Product Liability Monitor

October 11, 2017
New Developments
America’s Opioid Epidemic: Who Will Be Held Accountable?
By Ally Towers

In recent years America has seen an increasing number of opioid-involved deaths and is currently experiencing what the Center for Disease Control (“CDC”) describes as an “opioid epidemic.” This crisis has been devastating to many communities and individuals, and States are feeling the effect, too. State, county and municipal governments have faced mounting costs in battling this crisis, and some are now taking the fight to the manufacturers and distributors of these drugs. [Continue Reading]

Robots are Becoming a Media Phenomenon—And a Legal Phenomenon, Too
By Eric Krauss

The American public cannot get enough of robots. From science fiction to scientific fact, robotic news and entertainment are part of our daily lives. This past year, at least two television series focused on robots set in the near future (“Westworld” on HBO and “Humans” on AMC) have captured viewers’ imagination, and last week the Blade Runner 2049 sequel opened at theaters nationwide. Indeed, the relationship between people and robotics has been a film subject at least since Fritz Lang’s silent film Metropolis in 1927.  Its continuing popularity reflects our love-hate relationship with automation. [Continue Reading]

Heed the Heeding Presumption
By Alan Hoffman

One of the legacies of the Restatement of Torts, Second, Section 402A published in 1965, is the so-called “heeding presumption.” Section 402A’s Comment j afforded product sellers a presumption that an adequate warning, when given, would be heeded to avoid the risk: “Where a warning is given, the seller may reasonably assume that it will be read and heeded.” However, courts soon began inverting Comment j to create a presumption favoring plaintiffs; i.e., that since they would have heeded an adequate warning, they need not show that the absence of an “adequate” warning caused their injury. Effectively, the heeding presumption shifts the burden to the seller to disprove causation. [Continue Reading]

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Technology, Manufacturing & Transportation
Product Liability Practice

Manufacturers work hard to develop material goods and product designs that are high-quality, safe and durable. We understand your commitment to excellence and commit ourselves to defending you against product liability allegations. Husch Blackwell’s Product Liability team has insight into your industry-specific challenges. [More information]

Product Liability Monitor Archive
September 2017

clocking systemA Wisconsin employer recently made headlines when it announced that it was offering its employees the option to be outfitted with a microchip to replace the cards or badges they use regularly while at work. The company, called Three Square Market, held a “chip party” on August 1 during which 41 out of its 85 employees opted to have the small chip implanted in their hand. Although the purpose of this RFID chip is limited to office functions such as making purchases in the break room market, logging into computers and printers, and accessing the building, one cannot help but think about the implications this type of technology could have on employee privacy.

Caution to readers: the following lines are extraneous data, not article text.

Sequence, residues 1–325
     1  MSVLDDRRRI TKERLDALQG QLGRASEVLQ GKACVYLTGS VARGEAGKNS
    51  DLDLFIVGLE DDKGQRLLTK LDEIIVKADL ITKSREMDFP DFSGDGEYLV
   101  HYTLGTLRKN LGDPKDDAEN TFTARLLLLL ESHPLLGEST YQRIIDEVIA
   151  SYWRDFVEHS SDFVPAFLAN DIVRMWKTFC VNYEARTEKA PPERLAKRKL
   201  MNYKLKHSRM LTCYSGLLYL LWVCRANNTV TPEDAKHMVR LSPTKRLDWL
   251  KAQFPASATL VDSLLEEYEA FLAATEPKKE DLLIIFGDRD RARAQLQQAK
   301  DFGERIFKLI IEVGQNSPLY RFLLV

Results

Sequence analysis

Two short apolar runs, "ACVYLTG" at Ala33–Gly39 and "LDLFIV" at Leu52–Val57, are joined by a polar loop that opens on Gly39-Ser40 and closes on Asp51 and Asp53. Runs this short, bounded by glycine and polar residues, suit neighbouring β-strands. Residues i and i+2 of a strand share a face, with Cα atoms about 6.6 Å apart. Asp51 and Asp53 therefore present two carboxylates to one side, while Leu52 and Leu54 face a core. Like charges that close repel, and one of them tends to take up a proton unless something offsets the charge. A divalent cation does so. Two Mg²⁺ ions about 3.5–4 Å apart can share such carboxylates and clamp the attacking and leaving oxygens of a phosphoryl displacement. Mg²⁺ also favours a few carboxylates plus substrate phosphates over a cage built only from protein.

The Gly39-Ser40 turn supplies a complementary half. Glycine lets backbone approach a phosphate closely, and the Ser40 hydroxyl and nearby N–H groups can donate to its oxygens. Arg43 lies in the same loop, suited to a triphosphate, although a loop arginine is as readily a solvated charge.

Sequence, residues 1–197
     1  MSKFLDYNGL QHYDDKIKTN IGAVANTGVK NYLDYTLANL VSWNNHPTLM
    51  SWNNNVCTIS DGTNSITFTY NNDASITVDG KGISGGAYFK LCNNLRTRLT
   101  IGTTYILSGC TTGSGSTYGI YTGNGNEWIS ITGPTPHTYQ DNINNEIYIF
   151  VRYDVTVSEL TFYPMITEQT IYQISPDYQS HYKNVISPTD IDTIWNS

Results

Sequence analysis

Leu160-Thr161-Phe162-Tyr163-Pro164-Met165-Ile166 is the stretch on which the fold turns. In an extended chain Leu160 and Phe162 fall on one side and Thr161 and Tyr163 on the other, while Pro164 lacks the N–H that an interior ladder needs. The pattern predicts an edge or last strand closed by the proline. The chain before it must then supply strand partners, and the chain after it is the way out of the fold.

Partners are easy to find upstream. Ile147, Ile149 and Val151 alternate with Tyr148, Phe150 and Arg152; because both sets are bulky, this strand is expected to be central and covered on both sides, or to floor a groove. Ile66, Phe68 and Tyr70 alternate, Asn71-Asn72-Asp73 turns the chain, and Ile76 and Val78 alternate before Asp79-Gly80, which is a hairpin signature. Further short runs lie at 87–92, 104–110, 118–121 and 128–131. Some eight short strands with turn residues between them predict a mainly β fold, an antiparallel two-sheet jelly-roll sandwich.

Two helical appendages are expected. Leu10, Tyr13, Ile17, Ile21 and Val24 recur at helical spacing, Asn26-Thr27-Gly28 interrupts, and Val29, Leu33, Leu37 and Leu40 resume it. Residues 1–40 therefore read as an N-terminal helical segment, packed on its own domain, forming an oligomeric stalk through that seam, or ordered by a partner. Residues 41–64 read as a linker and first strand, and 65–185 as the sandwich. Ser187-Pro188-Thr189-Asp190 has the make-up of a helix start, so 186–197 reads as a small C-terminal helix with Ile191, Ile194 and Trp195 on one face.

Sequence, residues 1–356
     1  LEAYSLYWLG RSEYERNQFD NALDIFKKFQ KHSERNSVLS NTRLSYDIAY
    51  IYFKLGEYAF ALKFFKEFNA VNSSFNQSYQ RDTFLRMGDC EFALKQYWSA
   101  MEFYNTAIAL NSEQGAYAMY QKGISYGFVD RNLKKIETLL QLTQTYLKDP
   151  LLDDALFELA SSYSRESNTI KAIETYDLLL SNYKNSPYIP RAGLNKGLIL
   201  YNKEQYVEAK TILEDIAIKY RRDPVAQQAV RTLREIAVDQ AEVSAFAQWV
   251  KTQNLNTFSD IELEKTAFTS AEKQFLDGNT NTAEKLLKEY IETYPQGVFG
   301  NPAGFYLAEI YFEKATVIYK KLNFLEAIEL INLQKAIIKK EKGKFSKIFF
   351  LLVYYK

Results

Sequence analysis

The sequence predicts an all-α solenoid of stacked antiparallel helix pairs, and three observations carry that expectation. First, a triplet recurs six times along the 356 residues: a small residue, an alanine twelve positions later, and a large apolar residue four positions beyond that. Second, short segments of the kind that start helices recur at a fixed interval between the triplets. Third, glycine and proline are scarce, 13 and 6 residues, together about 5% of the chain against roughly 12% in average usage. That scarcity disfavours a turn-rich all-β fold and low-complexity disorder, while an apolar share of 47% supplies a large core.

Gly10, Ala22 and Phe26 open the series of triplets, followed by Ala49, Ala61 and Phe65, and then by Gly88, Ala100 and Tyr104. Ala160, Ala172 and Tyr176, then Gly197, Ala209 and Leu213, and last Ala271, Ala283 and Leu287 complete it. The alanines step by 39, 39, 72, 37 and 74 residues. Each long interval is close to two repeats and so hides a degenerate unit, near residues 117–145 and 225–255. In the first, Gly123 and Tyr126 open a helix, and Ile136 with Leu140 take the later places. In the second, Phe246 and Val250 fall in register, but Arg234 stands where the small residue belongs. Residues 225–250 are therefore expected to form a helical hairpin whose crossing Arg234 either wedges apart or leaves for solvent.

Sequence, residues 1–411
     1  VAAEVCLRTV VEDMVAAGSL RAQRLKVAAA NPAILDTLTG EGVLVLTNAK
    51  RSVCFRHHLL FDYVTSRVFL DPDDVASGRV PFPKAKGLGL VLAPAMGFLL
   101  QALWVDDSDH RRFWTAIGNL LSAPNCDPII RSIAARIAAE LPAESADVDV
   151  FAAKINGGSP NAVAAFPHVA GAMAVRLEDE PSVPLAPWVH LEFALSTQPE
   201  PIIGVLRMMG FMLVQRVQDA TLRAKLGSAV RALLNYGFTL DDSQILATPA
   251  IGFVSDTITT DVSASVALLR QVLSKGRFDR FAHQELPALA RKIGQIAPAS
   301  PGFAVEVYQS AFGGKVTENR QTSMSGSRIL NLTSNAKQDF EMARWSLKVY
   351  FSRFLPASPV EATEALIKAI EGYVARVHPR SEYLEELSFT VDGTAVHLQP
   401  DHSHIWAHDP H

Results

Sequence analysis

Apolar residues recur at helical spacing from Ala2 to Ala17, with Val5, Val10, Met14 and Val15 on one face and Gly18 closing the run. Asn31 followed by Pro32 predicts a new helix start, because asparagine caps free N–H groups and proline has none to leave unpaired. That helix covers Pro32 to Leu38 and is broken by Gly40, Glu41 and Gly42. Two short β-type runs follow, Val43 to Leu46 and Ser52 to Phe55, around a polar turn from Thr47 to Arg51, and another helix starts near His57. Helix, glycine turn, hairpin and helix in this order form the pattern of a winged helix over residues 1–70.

Continue Reading It’s 10:00 p.m. – Do You Know Where Your Employees Are?

Product Liability Monitor

December 13, 2016
New Developments
Auto Manufacturers Partner with Nauto to Improve Driverless Car Technology
By Shannon Peters

One of the main obstacles to the autonomous vehicle industry is “infrastructure,” but not in the sense typically associated with the term. Since autonomous vehicles come in all shapes, sizes, and powertrain types (gasoline, electric, and hybrid), and a wide range of degree of automation, the key infrastructure issue is not with the roads or the need for a worldwide network of guidance wires, rails, or charging stations, but ensuring the safe integration of autonomous vehicles into the world of human drivers.  Enter “Nauto.” [Continue Reading]

Confidentiality and the Public Interest
By Dan Jaffe

Public Justice, a public interest advocacy organization, recently posted over one million pages of Remington Arms Company internal documents on a publically available searchable online database. These documents concern the “Walker” trigger mechanism of the Remington Model 700 rifle, which has been the subject of more than 100 lawsuits, and is allegedly implicated in at least 24 deaths. [Continue Reading]

What is an Adequate Warning?
By Alan Hoffman

In Miasa Barron, et al. v. Abbott Laboratories, Inc., the Missouri Court of Appeals recently affirmed a verdict by a St. Louis jury awarding $15 million in compensatory damages and $23 million punitive damages for birth defects caused by the antiepileptic drug Depakote.  While there were other issues, the central liability question was whether Abbott adequately warned about the dangers of birth defects from using Depakote during pregnancy. [Continue Reading]

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Technology, Manufacturing & Transportation
Product Liability Practice
Manufacturers work hard to develop material goods and product designs that are high-quality, safe and durable. We understand your commitment to excellence and commit ourselves to defending you against product liability allegations. Husch Blackwell’s Product Liability team has insight into your industry-specific challenges. [More information]
Product Liability Monitor Archive
November 2016